The Charity Commission has opened a statutory inquiry into Capricorn Animal Rescue and Sanctuary (inc Aston, Hawarden Animal Aid), registered charity number 1048511.
The Charity Commission, the independent regulator of charities in England and Wales, has opened a statutory inquiry into Capricorn Animal Rescue and Sanctuary (inc Aston, Hawarden Animal Aid), registered charity number 1048511. The inquiry was opened on 9 February 2017.
The charity takes animals into care that have no homes, are injured or neglected, and aims to rehouse the animals or release them back into the wild once they are fully recovered and treated.
After receiving a number of complaints from the public as well as significant media and parliamentary interest about the charity in 2016, the Commission initially provided regulatory advice and guidance to the trustees on how to improve the charity’s governance.
The Commission monitored the charity’s compliance with this guidance and visited the charity in October 2016 and subsequently inspected the charity’s books and records. Our engagement established that there were clear and on-going serious regulatory issues relating to the administration of the charity by the trustees. These included inadequate financial controls, failure to safeguard and properly account for the charity’s assets, potential unauthorised trustee benefit and the trustees’ failure to act on regulatory advice.
The inquiry will examine:
- the administration, governance and management of the charity
- whether there has been any unauthorised benefit to the trustees of the charity
- whether the trustees have properly exercised their duties and responsibilities under charity law in the administration of the charity and in particular their duty to account for the charity’s funds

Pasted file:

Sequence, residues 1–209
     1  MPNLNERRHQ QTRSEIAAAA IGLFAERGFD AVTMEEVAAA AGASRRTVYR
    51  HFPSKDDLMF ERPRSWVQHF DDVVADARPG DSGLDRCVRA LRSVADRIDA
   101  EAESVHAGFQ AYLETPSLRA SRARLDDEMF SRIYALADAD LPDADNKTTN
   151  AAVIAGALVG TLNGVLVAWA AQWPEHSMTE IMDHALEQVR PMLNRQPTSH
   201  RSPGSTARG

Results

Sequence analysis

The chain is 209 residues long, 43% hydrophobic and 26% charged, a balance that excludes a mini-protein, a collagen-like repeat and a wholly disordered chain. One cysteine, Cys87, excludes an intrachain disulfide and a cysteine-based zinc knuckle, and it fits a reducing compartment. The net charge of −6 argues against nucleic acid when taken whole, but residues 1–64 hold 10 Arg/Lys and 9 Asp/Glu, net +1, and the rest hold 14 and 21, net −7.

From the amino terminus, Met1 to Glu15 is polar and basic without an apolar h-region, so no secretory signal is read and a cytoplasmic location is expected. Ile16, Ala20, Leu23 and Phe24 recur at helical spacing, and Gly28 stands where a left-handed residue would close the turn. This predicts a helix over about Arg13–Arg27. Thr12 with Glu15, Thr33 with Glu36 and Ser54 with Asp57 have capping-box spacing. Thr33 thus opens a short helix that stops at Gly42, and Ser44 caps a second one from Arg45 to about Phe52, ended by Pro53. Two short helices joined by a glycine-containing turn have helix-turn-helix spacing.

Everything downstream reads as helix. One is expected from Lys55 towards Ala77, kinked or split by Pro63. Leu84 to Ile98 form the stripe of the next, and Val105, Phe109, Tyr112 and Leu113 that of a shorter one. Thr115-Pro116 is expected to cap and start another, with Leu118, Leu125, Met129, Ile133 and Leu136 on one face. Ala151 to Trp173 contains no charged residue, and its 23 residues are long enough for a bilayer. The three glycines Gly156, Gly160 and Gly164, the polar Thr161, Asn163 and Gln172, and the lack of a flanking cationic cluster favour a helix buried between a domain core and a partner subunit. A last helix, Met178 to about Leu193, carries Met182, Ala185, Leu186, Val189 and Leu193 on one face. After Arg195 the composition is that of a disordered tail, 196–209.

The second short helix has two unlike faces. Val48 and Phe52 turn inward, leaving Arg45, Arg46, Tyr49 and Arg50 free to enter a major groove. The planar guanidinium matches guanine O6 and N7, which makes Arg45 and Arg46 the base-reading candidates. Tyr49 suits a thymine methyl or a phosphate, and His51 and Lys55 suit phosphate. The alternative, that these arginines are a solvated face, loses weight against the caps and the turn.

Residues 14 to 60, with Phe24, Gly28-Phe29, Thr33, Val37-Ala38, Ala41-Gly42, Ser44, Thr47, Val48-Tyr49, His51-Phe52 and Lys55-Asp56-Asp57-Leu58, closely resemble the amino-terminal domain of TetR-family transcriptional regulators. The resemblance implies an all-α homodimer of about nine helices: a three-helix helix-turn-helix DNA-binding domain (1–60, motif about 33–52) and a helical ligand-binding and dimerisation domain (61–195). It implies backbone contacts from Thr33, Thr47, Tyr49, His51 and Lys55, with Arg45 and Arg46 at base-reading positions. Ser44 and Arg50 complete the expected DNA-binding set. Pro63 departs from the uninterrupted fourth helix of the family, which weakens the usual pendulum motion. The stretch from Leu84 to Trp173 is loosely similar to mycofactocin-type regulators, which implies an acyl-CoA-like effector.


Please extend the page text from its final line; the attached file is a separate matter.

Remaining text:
In order to protect the assets of the charity, the Commission has taken steps to freeze the charity’s bank accounts under section 76(3)(d) of the Charities Act 2011.
The Commission is aware that the charity has been the subject of concerns from members of the public relating to the welfare of animals in the charity’s care; this does not fall within the Commission’s remit and concerns on this matter should be directed to the RSPCA. Their 24-hour cruelty and advice line can be reached at 0300 1234 999.
It is the Commission’s policy, after it has concluded an inquiry, to publish a report detailing what issues the inquiry looked at, what actions were undertaken as part of the inquiry and what the outcomes were. Reports of previous inquiries by the Commission are available on GOV.UK.
The charity’s details can be viewed on the Commission’s online charity search tool.
Notes to editors
- The Charity Commission is the independent regulator of charities in England and Wales. To find out more about our work, see our annual report.
- Search for charities on our online register.
- Section 46 of the Charities Act 2011 gives the Commission the power to institute inquiries. The opening of an inquiry gives the Commission access to a range of investigative, protective and remedial legal powers.
- The Commission’s decision to announce the opening of a statutory inquiry is based on whether it is in the public interest to do so and with consideration of our objective to increase public trust and confidence in charities.
- An order was made on Monday 20 February under section 76(3)(d) of the Charities Act 2011 to freeze the account(s) of the charity.
Read more information on the Commission’s policy and factors taken into account when deciding to issue a press release.
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